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International Pet Travel

International pet travel can be heavily restricted and requires a great deal of advance planning. Requirements vary by destination as well as by type of pet. For the most up-to-date information about requirements for bringing your pet to a foreign country, contact the U.S. Department of Agriculture (USDA), as well as that country's consulate or embassy, well in advance of your travel. If your international travel involves flying, verify with the airlines any restrictions they may have. A few examples of requirements of international pet travel are outlined below.

All countries in the European Union require cats, dogs and ferrets entering EU countries to have a tattoo or microchip implant. The number on the tattoo or chip must match the identification number on their vaccination record. Pets without a microchip or tattoo cannot enter European Union nations. Pets being brought into the United Kingdom must meet the terms of the UK Pet Travel Scheme (PETS) in order to be exempt from a mandatory 6-month quarantine period. In order to meet the terms of the PETS program, pets must have at least the following: • Valid health certificate • Proof of current rabies vaccination • Proof of a blood test to confirm rabies immunity within the 6 months prior to arrival in the UK • Microchip implantation Some countries in the European Union, notably Sweden, Ireland, and the UK, may have slightly different requirements.

In order to travel into Japan, a pet must have resided in the same country for a continuous period of at least 180 days. A valid health certificate issued within the past 30 days must be presented, along with proof of a rabies vaccination more than 30 days prior to travel and proof of a blood test confirming rabies immunity. Before traveling to Japan with your pet you must notify the Animal Quarantine Office at your destination airport a minimum of 40 days prior to your arrival. All pets traveling to Japan must have microchips implanted, and are subject to quarantine for a minimum of 12 hours. Depending on the origin country and the date of their rabies vaccinations, pets can be quarantined for up to 180 days.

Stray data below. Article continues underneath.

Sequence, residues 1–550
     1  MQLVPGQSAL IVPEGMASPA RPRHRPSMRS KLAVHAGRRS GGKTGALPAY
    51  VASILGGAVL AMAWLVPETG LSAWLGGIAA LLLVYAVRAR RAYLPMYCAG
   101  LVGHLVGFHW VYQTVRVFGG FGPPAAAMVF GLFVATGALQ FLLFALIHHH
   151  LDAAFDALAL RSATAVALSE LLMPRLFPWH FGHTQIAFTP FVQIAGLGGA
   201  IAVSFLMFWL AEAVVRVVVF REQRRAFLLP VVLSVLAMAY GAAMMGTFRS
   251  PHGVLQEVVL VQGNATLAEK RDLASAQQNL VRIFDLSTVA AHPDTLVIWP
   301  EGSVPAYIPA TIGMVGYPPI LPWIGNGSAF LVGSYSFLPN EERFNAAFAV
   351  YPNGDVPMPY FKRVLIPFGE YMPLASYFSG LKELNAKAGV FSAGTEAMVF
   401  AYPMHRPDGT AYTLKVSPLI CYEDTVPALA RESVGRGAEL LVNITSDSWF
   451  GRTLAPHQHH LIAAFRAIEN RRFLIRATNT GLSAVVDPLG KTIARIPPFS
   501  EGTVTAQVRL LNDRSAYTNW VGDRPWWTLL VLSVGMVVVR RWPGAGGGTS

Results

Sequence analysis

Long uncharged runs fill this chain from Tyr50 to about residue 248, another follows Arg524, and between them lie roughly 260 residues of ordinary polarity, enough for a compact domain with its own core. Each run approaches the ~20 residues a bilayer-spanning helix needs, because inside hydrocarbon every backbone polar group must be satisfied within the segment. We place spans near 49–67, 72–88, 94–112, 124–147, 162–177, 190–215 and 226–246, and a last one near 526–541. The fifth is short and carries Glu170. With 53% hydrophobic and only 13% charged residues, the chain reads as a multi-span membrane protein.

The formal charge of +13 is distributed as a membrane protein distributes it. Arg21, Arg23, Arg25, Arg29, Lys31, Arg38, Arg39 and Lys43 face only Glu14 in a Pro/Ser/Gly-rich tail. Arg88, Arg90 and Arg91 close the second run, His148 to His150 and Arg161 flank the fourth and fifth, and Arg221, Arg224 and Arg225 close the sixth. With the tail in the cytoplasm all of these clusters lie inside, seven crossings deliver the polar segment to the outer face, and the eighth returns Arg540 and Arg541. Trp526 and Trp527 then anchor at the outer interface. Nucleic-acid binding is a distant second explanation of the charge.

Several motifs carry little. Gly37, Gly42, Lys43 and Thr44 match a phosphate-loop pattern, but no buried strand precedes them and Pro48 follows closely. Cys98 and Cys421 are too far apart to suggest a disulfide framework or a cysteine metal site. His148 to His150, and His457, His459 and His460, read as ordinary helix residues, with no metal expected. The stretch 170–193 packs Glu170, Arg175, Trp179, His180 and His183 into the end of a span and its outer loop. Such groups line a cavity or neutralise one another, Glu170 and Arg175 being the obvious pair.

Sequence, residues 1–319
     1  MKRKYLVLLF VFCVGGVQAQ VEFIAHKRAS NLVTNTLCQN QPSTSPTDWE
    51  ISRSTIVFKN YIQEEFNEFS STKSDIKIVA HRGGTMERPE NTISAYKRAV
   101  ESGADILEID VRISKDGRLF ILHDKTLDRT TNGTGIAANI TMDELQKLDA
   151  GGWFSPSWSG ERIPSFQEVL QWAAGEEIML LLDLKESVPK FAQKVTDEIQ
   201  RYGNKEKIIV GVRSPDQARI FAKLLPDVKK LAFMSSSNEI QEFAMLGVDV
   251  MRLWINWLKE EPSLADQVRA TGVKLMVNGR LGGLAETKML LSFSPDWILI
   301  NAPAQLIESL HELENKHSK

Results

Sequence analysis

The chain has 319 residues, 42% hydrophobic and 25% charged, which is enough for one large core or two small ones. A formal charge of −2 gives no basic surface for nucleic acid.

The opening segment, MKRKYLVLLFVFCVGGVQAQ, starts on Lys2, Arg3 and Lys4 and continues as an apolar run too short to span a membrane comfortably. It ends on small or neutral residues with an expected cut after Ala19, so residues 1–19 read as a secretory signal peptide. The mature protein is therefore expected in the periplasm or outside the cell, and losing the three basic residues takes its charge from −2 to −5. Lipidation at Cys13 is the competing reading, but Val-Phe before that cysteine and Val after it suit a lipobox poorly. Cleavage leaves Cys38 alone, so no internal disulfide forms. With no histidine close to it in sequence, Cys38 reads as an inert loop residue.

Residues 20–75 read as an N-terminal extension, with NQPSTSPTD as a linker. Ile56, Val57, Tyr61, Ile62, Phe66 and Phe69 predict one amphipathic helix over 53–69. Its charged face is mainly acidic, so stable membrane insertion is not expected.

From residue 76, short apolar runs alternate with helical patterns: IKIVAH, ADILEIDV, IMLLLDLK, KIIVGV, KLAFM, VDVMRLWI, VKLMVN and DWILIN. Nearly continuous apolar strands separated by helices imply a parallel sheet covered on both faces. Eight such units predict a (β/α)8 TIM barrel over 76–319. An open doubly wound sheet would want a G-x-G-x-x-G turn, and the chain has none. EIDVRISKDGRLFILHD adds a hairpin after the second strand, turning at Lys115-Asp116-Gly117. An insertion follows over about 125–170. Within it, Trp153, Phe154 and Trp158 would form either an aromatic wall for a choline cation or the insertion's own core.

Pets entering Australia are subject to a very stringent set of criteria, including the following: • Microchip implantation • Residence continuously in the same country for 180 days • Vaccination against parvovirus, Bordatella, parainfluenza, hepatitis and distemper at least 14 days but not more than 12 months prior to travel • Rabies vaccination at least 90 days but not more than 12 months prior to travel • De-wormer and tick treatment, as well as a series of blood tests that must be completed within a prescribed time frame • An import permit and a veterinary certificate signed by a USDA/APHIS vet, as well as certification of a vet exam within the 48 hours prior to travel, clearing the pet of any communicable diseases or external parasites. Even with all of these requirements, all pets traveling to Australia are quarantined for a minimum of 30 days and up to 90 days.

International pet travel to Mexico involves a valid health certificate, along with proof of rabies, parvovirus, parainfluenza, hepatitis and distemper vaccinations. There is no quarantine requirement for pets entering Mexico.

Pets traveling to Canada must have a valid health certificate and proof of a rabies vaccine within the last three years as well as vaccinations against parvovirus, parainfluenza, hepatitis and distemper. As with Mexico, there are no quarantine requirements in Canada.

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